The top-down K12 selling process will likely exhaust the initial capital of most EdTech startups. Selling to public schools requires a long runway to become an “approved” vendor (school reimbursements) and be in line for the spring budgetary process. Several decisions can lengthen this runway by including more stakeholders in the decision-making process.
Don’t sell curriculum on top of your platform. Aside from the cost of paying content experts, you convert a technology decision into a more complex decision. Will the curriculum replace the existing curriculum? Will it be complimentary to the existing curriculum? Curriculum reduces your market because you will be selling to specific grade levels and/or subject areas. If you think finding the decision makers in each school is difficult, then try finding a smaller subject of decision makers! User-created content is less expensive and is more in keeping with building community for Product-led Growth.
Previously, I’ve discussed the importance of building mindshare ahead of actually building a product (link). The first step is to build relationships with the first people with whom you discuss the product. By its nature, this is a bottoms-up approach and is an early form of market validation. The first step is to do lots of user research to validate the problem you are solving and as a way to see how difficult it is to find targeted teachers. One hundred user interviews may seem like a lot, but may not be enough because some teachers will not identify your solution as a chronic need. This is because most EdTech products find an audience with a only few grade levels and/or subject areas. If the portion of “nice-to-have teachers” is much larger than the “must-have teachers”, then you may have to pivot your solution.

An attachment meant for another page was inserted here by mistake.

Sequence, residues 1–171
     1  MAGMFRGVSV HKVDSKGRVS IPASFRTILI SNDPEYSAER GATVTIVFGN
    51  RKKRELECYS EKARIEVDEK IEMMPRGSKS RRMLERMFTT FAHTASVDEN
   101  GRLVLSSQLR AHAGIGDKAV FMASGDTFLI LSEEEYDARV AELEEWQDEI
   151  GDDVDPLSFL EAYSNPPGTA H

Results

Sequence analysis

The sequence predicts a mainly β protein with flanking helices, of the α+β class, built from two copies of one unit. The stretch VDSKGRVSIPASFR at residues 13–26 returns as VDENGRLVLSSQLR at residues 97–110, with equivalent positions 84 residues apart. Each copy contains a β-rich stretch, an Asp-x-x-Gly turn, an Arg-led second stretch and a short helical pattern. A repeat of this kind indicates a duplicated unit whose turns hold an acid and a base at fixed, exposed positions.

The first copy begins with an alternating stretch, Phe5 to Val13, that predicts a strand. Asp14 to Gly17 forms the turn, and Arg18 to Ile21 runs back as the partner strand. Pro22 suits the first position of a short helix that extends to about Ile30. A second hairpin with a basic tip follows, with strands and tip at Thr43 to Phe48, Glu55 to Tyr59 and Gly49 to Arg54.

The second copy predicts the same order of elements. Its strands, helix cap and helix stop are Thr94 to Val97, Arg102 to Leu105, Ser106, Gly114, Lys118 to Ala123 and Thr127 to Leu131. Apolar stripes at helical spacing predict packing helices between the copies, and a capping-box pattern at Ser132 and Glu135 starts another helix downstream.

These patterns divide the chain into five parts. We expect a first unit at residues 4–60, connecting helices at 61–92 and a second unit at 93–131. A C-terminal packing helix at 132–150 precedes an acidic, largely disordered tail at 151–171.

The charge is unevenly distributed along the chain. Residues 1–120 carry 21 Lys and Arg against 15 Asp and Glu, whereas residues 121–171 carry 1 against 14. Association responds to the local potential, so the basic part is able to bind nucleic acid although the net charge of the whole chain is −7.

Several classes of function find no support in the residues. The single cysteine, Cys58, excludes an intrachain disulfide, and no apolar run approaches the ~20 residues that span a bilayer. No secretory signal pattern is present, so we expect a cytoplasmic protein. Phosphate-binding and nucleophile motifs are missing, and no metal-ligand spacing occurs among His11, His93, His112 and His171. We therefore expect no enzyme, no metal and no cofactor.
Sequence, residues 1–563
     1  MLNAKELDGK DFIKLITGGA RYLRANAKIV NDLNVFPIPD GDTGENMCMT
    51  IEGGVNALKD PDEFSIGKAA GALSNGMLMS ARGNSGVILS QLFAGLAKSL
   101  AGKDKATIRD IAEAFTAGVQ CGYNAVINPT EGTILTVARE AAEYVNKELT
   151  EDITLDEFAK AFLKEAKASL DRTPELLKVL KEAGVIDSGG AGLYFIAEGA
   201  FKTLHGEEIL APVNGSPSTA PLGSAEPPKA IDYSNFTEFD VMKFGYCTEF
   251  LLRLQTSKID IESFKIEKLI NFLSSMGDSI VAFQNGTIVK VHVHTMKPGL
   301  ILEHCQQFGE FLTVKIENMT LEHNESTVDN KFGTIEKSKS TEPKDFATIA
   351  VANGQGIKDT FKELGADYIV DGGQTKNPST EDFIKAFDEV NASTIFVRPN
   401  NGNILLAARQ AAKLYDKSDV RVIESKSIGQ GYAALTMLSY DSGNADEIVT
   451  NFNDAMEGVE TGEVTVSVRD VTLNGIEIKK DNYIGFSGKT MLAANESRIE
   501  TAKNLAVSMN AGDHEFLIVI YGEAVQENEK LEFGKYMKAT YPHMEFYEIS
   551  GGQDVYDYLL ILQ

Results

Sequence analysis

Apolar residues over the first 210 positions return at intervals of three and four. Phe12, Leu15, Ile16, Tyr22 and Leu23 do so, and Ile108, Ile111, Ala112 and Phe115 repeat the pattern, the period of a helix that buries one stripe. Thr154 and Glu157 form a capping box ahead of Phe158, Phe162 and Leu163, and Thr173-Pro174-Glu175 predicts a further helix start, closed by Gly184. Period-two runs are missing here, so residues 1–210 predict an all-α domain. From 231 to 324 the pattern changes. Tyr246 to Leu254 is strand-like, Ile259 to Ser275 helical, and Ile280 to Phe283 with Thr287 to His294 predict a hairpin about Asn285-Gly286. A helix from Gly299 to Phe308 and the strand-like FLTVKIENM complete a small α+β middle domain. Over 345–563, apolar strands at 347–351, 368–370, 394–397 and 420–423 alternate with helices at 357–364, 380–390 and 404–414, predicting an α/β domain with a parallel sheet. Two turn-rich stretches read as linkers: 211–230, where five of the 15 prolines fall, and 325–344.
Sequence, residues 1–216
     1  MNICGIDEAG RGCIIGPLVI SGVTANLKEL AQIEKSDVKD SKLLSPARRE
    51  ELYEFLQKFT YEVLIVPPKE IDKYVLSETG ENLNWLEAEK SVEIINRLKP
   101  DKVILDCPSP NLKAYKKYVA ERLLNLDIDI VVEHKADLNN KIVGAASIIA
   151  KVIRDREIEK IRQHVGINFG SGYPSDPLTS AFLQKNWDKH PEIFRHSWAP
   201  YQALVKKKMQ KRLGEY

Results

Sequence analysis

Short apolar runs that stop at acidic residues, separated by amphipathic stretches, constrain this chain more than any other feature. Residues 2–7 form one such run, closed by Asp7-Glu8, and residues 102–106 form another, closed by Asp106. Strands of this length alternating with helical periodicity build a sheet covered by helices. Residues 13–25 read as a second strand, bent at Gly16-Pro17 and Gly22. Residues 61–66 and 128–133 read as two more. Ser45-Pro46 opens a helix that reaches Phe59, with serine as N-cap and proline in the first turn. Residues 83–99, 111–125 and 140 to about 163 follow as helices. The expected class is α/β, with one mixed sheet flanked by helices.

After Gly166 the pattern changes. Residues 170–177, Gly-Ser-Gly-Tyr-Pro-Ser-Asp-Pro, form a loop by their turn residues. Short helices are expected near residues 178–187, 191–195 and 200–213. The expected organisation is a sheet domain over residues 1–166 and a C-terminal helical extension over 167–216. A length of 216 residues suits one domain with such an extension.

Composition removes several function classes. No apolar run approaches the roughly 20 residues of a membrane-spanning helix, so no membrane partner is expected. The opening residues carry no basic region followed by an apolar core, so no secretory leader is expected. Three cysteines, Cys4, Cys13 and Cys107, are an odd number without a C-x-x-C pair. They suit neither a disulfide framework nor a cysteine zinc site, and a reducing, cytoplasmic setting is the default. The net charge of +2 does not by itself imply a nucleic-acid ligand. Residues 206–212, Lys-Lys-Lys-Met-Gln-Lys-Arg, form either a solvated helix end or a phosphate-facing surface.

Once you have enough market validation, you should start to build a market presence (see previous post) and start a waitlist. The waitlist and teachers you interviewed will be excellent sources to contact to review screen mockups or become beta testers. Waitlist clusters of faculty and staff from the same school are candidates for a pilot. A good indication of product-market fit will be the amount of inbound interest (waiting list or other). This will require a healthy dose of PLG and a crisp website so potential users can quickly identify the problem you are solving and if it is right for them. The process of identifying people for user research and running pilots provides an understanding of the sales cycle (who and how long?)
Your major competition is not usually other products. Your competition is fighting for attention in a school environment that is built to withstand change: